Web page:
Employee stock ownership plans usually make the news when a company owner uses one to sell the company to employees. But ESOPs are more than an exit strategy for business owners. They can also be a great way to grow your business while keeping your tax bill low.
Many business owners don’t realize it, but an ESOP can be a vehicle for making equipment purchases, acquiring another company, or paying off existing debt. Making these moves through an ESOP can yield substantial tax savings as compared with spending company revenue. That’s because the ESOP is considered a trust, and money borrowed from the ESOP for purchases or debt payment is excluded from the company’s taxable income by the Internal Revenue Service.
Companies with an ESOP in place may find it easier to get a loan. That’s because the company loyalty the ESOP inspires makes loan officers view the company as a better credit risk.
In the case of purchasing any type of durable goods that lose value over time, such as office equipment or company vehicles, using an ESOP creates a rare opportunity to deduct the cost twice. The transaction works like this:
- The company gets a bank loan for the money needed to purchase the goods.
- The company lends the borrowed money to the ESOP.
- The ESOP uses the money to purchase an equivalent amount of additional shares in the company.
- The company buys the goods using the money the ESOP trust pays out.
- The company is able to depreciate the cost of the goods on its income taxes, writing off the cost as allowed over the years or in a single year, depending on the size of the purchase and current tax law.
- The entire original bank loan is also a business expense and a tax deduction for the company.
The process works similarly for buying another business. Your company ESOP obtains a bank loan, then purchases shares in the company with the money. The company receives the money in exchange for the shares and makes the purchase. Using the ESOP trust’s untaxed dollars to make the acquisition can yield a substantial tax savings, depending on your corporate tax rate.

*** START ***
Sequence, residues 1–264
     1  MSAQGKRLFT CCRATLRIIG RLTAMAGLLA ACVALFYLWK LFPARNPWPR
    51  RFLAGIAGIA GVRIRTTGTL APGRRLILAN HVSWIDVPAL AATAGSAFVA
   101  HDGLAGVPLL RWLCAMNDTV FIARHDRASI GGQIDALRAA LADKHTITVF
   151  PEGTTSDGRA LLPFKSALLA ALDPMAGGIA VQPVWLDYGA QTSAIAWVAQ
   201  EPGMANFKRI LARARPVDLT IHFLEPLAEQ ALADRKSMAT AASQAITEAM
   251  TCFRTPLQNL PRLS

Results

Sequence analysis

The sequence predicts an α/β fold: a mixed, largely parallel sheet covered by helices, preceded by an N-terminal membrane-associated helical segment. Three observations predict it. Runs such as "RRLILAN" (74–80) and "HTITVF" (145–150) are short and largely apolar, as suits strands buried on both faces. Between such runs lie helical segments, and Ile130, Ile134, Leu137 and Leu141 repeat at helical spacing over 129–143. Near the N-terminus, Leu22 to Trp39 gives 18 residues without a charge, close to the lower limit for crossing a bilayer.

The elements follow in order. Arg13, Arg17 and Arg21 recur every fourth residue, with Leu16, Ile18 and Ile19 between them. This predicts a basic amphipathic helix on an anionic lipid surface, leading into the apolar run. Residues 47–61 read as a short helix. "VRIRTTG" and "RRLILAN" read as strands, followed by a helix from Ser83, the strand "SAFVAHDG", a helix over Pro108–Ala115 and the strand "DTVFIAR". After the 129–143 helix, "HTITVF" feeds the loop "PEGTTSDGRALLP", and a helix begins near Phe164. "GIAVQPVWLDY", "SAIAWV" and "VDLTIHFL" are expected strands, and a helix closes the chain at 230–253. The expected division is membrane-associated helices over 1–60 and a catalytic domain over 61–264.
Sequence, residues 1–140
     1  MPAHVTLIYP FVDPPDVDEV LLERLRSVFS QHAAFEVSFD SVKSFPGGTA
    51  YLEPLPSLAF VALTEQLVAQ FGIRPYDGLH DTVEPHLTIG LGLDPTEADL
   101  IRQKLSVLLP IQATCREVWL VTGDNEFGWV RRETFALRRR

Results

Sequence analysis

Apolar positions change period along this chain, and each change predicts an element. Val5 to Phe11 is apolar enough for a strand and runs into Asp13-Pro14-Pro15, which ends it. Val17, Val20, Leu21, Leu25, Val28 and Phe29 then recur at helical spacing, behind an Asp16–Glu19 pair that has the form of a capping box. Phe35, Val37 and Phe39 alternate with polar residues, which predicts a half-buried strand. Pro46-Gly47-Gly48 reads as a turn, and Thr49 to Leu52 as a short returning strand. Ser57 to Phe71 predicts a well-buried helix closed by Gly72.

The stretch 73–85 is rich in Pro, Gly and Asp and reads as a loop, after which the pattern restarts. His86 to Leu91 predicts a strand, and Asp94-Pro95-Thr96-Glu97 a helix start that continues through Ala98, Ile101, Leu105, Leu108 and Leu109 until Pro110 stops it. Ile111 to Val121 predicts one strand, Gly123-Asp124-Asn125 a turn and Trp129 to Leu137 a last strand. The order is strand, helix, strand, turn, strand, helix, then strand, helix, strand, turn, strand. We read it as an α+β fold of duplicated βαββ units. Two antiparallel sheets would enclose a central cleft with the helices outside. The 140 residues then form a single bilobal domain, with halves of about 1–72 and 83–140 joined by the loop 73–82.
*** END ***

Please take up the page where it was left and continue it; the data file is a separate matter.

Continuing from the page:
Paying off debt can also be accomplished with less of a tax burden through an ESOP. When the company takes out a new loan to pay off the old one, it loans the money to the ESOP to purchase company shares. The company then takes the ESOP funds and pays off the existing loan. The new loan’s principal and interest payments are all made using pretax dollars.
The tax savings generated by using the ESOP to accomplish business goals benefit not just the business but the employees participating in the ESOP as well. ESOP participants benefit when the company does well, so the reduction in company expenses means more profit and ESOP shares that increase in value.
Note that companies organized as either an S corporation or a C corporation can set up ESOPs, but sole proprietors or partnerships cannot. ESOPs are costly to set up, incurring legal and company-valuation fees that can range up to $100,000 or more. So it probably won’t be worthwhile to set up an ESOP unless the planned loan, acquisition, or debt payoff is substantial enough that the tax benefits would be larger than the setup costs. Also, as ESOP shares are granted to workers, business owners reduce their company ownership and control over the company’s direction under an ESOP.
Business reporter Carol Tice contributes to several national and regional business publications.